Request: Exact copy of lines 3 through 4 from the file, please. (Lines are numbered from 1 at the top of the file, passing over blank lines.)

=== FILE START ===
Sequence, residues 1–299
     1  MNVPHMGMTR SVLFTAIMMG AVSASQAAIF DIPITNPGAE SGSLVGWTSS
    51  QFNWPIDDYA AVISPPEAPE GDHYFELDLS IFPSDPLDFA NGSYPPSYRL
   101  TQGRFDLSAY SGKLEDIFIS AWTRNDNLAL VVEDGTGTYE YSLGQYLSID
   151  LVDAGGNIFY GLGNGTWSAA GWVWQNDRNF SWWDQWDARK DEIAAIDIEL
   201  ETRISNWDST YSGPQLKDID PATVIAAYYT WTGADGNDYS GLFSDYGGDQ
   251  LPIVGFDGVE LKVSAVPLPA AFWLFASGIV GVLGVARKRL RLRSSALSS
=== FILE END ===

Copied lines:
    51  QFNWPIDDYA AVISPPEAPE GDHYFELDLS IFPSDPLDFA NGSYPPSYRL
   101  TQGRFDLSAY SGKLEDIFIS AWTRNDNLAL VVEDGTGTYE YSLGQYLSID